#1 Meet Mawande Majiya
My name is Mawande Majiya. I was born first of January in 1996 in a village called Willowvale, also called Gatyana, which is based In the Eastern Cape Province of South Africa. I grew up in the community of Masiphumelele, and that is where I started to play soccer under Coach Mthandazo Ndabeni.
In our community, everybody has got a nickname. Mine is D’wara and it was given to me by the kids I grew up with. It is a short form of Mawande. Coach Mthandazo Ndabeni has also got one: he is known as Coach Thomas or just Coach. Also, funny nicknames appear sometimes. For instance, “Chillibyte” and “Beef” – two boys who participate in all four programs.
When I was a child, Coach Thomas Youth Development was a smaller sports education-orientated program that focused on soccer only. The soccer team was called Juventas. At Juventas, we did not wear soccer kits, but wore the same colour t-shirts and shorts instead. I joined the team in 2006. Playing soccer was what mattered to us, more than looking fancy in soccer kits.
At the age of twelve, I also started surfing under the leadership of Coach Mthandazo Ndabeni. We used to surf every Friday and Saturday, and then we’d have our matchdays as well where we would show what we’ve learned during the week. Looking back, I realize that routines and responsibilities, which are always part of sports, have used up most of my free time and kept me busy. As a child or an adolescent, being busy, and not being bored, is very important, especially in an environment like Masiphumelele. The less time you waste by standing around in the streets observing bad habits such as drug abuse or violence, the better it is for you. Coach Mthandazo realized this a long time ago, so he kept not just himself but us kids busy as well.
In 2010, during the soccer World Cup, we went to the Cape Town Stadium to watch France against Uruguay. Days like this one count as my best and most outstanding memories of that time. Coach Mthandazo Ndabeni would take us to places where we would never expect to go or did not even know of.
While I grew older, I witnessed players come and go. Once they reach a certain age, bad habits take their attention away from soccer. That is the main reason why we struggle to form a strong senior team today. The players will be found in the taverns instead of on the field. I thought the end of my club, renamed Young Stars FC, had finally come, but younger motivated players filled in the gaps. Now I realize that there will always be young and eager players who need guidance and coaching, not only in sports but also in life. After the team had split up, Coach had to let us go to play for other teams. At first, I played for a team called Meadowridge in 2012, then I joined the team Most Wanted, after which I decided to take a break from soccer.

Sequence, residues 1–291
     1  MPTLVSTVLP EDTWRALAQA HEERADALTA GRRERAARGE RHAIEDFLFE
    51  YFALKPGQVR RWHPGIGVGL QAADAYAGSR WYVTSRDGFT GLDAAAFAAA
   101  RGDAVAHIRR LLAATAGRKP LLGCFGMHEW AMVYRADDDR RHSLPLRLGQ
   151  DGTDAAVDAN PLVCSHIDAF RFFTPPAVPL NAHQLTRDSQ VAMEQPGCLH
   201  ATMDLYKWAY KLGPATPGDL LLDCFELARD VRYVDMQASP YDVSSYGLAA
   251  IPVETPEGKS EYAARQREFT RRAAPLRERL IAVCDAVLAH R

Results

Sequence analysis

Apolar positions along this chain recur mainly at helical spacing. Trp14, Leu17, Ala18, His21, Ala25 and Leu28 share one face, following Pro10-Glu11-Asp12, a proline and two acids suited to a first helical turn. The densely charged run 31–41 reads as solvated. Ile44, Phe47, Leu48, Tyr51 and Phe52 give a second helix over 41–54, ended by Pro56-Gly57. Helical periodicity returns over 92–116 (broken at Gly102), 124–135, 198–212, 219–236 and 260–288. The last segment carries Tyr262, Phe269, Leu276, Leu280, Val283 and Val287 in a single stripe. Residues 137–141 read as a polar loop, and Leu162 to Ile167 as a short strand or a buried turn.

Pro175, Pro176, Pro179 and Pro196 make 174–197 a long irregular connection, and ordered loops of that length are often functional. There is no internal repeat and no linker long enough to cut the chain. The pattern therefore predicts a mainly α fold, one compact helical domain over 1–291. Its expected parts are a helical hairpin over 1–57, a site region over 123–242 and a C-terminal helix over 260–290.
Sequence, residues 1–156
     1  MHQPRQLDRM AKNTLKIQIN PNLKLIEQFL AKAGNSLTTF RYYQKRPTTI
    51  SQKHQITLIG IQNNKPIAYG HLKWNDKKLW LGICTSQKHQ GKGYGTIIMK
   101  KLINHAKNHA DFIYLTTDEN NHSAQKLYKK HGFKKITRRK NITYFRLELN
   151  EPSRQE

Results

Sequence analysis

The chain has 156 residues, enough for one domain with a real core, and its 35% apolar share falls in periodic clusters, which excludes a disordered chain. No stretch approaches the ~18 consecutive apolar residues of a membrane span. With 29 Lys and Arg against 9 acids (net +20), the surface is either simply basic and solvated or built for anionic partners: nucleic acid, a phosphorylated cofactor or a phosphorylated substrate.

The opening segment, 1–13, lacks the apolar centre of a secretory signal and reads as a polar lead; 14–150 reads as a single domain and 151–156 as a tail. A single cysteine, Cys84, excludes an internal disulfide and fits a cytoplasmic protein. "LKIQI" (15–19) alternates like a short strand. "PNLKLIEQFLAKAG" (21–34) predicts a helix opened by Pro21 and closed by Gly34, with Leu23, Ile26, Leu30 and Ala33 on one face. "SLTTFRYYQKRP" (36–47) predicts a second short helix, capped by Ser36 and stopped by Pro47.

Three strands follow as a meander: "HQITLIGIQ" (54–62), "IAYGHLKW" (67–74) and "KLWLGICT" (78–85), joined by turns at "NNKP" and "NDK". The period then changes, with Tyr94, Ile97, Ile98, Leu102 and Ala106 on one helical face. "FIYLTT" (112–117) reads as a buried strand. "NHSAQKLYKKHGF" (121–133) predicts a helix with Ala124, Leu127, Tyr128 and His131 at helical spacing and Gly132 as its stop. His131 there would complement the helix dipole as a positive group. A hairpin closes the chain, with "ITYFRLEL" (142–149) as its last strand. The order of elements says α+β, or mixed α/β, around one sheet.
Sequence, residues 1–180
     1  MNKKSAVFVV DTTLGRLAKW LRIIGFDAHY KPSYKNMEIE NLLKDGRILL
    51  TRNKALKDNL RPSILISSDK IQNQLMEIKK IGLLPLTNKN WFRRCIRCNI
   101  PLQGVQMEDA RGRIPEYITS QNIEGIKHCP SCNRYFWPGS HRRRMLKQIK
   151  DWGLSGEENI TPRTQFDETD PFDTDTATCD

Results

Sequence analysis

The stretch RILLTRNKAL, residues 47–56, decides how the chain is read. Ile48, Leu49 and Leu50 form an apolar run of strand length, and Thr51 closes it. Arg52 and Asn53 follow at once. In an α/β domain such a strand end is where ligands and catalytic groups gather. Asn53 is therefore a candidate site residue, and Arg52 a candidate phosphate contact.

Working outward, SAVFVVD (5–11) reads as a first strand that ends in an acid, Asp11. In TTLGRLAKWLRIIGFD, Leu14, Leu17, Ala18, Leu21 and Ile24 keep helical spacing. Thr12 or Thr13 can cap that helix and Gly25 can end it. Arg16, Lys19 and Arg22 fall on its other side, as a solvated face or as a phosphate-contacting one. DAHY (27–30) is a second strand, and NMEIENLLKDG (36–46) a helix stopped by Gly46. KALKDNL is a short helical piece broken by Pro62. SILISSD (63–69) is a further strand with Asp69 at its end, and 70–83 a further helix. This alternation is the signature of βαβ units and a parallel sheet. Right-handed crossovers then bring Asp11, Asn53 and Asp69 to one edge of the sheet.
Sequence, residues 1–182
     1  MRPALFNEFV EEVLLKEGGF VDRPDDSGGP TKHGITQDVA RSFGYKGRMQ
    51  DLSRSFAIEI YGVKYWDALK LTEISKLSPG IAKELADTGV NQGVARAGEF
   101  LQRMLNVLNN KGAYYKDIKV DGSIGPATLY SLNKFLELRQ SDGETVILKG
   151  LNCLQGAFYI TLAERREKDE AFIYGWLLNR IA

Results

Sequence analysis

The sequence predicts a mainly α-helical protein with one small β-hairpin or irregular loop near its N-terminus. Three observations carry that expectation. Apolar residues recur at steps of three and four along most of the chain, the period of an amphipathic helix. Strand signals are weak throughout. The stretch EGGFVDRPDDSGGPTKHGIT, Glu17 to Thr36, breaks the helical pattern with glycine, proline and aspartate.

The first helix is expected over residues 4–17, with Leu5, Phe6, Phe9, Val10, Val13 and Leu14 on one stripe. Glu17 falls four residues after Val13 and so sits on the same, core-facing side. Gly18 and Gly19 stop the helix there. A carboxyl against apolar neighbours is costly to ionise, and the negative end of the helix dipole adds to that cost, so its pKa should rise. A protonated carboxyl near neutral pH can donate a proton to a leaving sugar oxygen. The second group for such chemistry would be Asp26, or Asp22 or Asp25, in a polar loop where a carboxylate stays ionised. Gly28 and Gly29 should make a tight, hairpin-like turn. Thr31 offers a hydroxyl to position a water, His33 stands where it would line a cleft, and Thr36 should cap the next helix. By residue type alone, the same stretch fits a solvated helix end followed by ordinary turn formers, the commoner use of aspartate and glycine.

When I picked up my boots and entered the field again, I did it for the first team of Fish Hoek Pirates at the age of 19. Unfortunately, soccer, maybe due to my break, did not prevent me from getting involved in the bad habits that we as a community face on a daily basis. In my case, gangsterism was the reason why I dropped out of school in 2014.
Time passed by and I had lost contact with Coach Mthandazo Ndabeni and Young Stars FC. Coach has been busy like a bee, in the meantime and Coach Thomas Youth Development was born. But in March 2022, I met my former Coach while he was still doing what he does best: coaching. By that time, I was not working; I was not really doing anything. So, Coach introduced me as one of the legends of Young Stars FC to the younger boys on the field. My emotions overwhelmed me. I had not expected to be a legend at any point in my life especially not at the age of 26. I felt honoured, and, at the same time, I was sure that my time had come to give back to the youth. Even though I am still a young adult, I am rich in experience, and I enjoy being a role model for our loved ones who share the same story as me. I told my former Coach that I would like to be a part of the newly founded Non-Profit Organisation Coach Thomas Youth Development. Since then, I have held the position of the Juniors Football Coordinator, but I also jump in on every job that needs to be done. With joy, I watch CTYD grow, not only in members, but also in professionality, volunteers, programs, and impact on our youth. For myself, and for all the other kids Coach has trained and inspired over the years, being ‘in his hands’ is a blessing. Based on my own experience, I can tell Bagotywa Bebatsha that our mission of “educating the kids of today to shape the world tomorrow” has been successful.
Thank you for reading!